Signal on the Margin: Behavior of Levered Investors and Future Economic Conditions
Prachi Deuskar, Nitin Kumar, Jeramia Allan Poland
Review of Finance, Volume 24, Issue 5, September 2020, Pages 1039–1077, https://doi.org/10.1093/rof/rfaa006
Investor behavior, being forward-looking, ought to tell us something about the future. Empirically, however, linking investor behavior to future economic conditions requires a mechanism that separates investors into those who are more informed about the future and those who are not. Margin capacity, our new measure, uses such a mechanism to extract a signal based on the behavior of levered and potentially informed investors. It produces a powerful, significant, and identifiable return forecast that is substantially better than previously suggested predictors.
Our primary motivation comes from prior theoretical and empirical work on hedge funds showing that hedge funds decrease leverage in anticipation of lower returns or higher risk. Like hedge funds, other plausibly informed levered investors are likely to be cautious ahead of bad times. Thus, margin capacity, defined as the aggregate excess debt capacity of investors buying securities on margin, is likely to be a pessimistic signal of things to come.
Indeed, margin capacity (MC) strongly predicts lower S&P 500 returns. A one-standard-deviation increase in MC is associated with a 1.11% lower market return in the next month. More importantly, MC largely encompasses all information contained in the other return predictors. Correspondingly, an MC-based out-of-sample investment strategy delivers large investment gains. The figure below shows returns to this strategy and to a buy-and-hold S&P 500 strategy.
Figure 1: Cumulative returns to $1: mean-variance investor This figure plots cumulative returns (sum of logs) for the out-of-sample strategy of a mean-variance investor with relative risk aversion coefficient of three who allocates between equities and risk-free T-bills using S&P 500 excess return forecast based MC. MC is the detrended ratio of margic capacity to GDP. The equity weight is constrained to lie between –0.5 and 1.5. Buy and hold corresponds to the investor passively holding the market portfolio. See Section 3 of the paper for the detailed variable definitions and Appendix A.3 for the details of asset allocation.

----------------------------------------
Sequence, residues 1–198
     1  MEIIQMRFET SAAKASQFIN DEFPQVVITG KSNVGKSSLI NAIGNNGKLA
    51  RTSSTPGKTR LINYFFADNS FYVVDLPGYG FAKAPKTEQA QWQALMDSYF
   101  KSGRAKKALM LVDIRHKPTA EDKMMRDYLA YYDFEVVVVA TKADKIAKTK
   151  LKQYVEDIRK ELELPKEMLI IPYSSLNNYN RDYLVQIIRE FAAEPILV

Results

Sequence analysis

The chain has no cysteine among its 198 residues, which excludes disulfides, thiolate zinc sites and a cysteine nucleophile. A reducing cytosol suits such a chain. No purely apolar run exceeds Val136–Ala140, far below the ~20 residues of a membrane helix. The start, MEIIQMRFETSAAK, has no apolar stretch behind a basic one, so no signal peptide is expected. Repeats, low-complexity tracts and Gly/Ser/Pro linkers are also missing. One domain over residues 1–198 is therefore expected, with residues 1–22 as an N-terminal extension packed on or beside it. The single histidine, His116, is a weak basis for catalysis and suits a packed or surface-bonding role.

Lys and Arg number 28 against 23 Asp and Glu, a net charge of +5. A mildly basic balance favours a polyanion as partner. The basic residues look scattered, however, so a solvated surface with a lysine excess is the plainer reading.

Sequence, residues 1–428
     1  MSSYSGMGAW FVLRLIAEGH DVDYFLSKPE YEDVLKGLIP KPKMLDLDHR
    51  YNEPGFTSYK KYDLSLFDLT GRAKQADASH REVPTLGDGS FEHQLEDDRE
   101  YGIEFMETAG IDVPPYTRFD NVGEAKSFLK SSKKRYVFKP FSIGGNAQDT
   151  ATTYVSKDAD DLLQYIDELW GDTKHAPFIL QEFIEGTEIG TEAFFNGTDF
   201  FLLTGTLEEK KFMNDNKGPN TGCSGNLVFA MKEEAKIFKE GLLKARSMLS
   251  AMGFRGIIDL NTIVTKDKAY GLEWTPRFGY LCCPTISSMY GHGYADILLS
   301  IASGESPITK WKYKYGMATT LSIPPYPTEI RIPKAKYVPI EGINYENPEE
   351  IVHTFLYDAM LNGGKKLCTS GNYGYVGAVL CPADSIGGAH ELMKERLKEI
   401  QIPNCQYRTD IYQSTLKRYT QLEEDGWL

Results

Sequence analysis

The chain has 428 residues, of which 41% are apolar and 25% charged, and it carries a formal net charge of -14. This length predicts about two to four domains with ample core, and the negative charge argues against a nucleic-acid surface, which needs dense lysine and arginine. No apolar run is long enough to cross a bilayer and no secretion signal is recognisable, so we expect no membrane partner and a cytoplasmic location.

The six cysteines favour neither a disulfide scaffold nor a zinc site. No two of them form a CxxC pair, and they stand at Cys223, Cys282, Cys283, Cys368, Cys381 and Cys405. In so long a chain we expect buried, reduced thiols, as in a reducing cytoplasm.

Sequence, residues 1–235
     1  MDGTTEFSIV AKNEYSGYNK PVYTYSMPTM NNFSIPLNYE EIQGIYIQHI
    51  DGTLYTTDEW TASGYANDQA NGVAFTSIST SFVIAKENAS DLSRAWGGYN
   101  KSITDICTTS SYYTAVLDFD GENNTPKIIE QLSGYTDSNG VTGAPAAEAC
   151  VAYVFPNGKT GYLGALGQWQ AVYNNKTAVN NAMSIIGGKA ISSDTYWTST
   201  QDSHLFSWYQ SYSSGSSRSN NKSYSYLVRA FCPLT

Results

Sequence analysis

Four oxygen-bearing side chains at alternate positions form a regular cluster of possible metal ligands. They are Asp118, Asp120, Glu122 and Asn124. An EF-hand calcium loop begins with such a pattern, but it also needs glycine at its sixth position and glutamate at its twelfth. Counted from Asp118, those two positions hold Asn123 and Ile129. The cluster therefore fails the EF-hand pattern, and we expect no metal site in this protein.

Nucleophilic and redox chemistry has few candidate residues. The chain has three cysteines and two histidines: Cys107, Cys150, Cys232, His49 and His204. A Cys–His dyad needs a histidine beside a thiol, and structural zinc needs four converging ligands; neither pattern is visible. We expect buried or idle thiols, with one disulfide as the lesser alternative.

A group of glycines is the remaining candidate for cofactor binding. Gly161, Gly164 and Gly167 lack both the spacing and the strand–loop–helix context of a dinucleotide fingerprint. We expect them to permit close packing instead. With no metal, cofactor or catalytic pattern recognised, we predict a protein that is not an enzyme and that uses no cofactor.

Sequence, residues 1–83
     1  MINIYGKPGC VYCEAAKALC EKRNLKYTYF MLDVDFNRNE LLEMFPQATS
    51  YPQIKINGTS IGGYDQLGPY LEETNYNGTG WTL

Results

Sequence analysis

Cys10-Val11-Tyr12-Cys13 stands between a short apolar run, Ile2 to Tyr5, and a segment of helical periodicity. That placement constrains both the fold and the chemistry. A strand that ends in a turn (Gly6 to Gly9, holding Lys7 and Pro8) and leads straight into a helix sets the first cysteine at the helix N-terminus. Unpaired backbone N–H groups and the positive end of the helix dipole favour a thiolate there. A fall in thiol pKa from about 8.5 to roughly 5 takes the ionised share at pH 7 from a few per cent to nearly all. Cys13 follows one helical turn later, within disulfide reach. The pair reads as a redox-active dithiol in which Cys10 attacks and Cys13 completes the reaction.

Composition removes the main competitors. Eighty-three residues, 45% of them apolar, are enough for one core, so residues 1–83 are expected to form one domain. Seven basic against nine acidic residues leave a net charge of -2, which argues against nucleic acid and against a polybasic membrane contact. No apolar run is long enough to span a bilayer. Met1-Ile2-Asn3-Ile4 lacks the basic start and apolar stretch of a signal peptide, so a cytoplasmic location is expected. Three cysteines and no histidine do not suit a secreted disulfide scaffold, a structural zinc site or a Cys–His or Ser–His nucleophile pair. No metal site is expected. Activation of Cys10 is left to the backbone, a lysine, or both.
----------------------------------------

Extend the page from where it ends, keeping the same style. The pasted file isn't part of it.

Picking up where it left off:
MC also predicts (a) lower growth in aggregate earnings, dividends, employment, and overall economic activity, (b) higher macro, financial, and policy uncertainty, (c) lower interest rates, (d) tighter lending standards by banks, and (e) lower intermediary equity capital.
Our study contributes to three strands of literature in the macro-finance area. First, we show that the behavior of a subset of potentially informed investors acts as warning signs for many dimensions of the macroeconomy, adding to the literature that has used financial market signals to predict macroeconomic variables. Second, we establish that margin capacity is not driven by intermediary or borrowing constraints but, in fact, precedes them. Thus, our study introduces a predictor for the conditions which the intermediary asset pricing literature identifies as a key determinant of asset prices. Third, a recent strand of the literature shows that an increase in the aggregate levels of debt in the economy precedes poor macroeconomic outcomes. We complement this literature by showing that margin investors reduce leverage ahead of higher risk and lower economic growth.